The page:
Runny nose is excess drainage produced by nasal and adjacent tissues and blood vessels in the nose. This drainage may range from a clear fluid to thick mucus. Runny nose drainage may run out of your nose, down the back of your throat or both.
The terms "rhinorrhea" and "rhinitis" are often used to refer to a runny nose. Strictly speaking though, rhinorrhea refers to a thin, relatively clear nasal discharge. Rhinitis refers to inflammation of the nasal tissues from a number of causes, which usually results in a runny nose.
Nasal congestion may or may not accompany runny nose.
Runny nose can be caused by anything that irritates or inflames the nasal tissues. Infections — such as the common cold and influenza — allergies and various irritants may all cause a runny nose. Some people have a chronically runny nose for no apparent reason — a condition called nonallergic rhinitis or vasomotor rhinitis (VMR).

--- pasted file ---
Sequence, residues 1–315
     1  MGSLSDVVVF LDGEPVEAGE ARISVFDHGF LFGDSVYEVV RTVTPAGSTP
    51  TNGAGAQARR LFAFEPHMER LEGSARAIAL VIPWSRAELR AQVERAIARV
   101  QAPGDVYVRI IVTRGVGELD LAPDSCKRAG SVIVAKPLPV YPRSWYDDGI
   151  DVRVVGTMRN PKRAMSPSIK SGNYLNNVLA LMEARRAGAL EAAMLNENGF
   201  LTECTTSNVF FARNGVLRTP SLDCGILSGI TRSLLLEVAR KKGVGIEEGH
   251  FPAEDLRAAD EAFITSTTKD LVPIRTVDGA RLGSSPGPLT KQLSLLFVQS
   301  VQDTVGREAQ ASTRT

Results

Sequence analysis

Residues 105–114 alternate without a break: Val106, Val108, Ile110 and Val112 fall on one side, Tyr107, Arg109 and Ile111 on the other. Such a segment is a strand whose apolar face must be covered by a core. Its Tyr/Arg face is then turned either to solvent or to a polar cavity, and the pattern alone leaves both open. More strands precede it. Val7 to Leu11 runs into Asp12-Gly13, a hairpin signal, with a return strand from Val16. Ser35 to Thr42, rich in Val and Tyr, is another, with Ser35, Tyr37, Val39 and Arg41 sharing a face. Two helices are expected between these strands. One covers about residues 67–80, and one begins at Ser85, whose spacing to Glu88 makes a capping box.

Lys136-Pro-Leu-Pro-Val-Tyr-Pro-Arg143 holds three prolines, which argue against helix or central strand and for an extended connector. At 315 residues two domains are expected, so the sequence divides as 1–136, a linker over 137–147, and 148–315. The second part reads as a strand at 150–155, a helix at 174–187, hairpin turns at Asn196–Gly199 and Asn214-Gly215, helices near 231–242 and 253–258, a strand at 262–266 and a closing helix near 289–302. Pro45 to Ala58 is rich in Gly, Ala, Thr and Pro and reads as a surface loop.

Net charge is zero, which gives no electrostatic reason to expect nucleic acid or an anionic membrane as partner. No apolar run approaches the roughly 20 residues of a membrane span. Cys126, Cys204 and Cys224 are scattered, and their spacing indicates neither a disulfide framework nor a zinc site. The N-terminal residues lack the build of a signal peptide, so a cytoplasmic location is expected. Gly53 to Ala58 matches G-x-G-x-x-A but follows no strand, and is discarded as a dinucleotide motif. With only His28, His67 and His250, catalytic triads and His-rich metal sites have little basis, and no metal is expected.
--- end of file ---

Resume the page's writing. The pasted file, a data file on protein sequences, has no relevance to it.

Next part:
Less commonly, runny nose can be caused by polyps, a foreign body, a tumor or migraine-like headaches.
Causes of runny nose include:
A runny nose may be annoying and uncomfortable, but it usually clears up on its own. Occasionally, it can be a sign of a more serious problem, and runny nose may be serious in infants.
Until you see your doctor, try these simple steps to relieve symptoms:
Try these measures to relieve postnasal drip — when excess mucus accumulates in the back of your throat: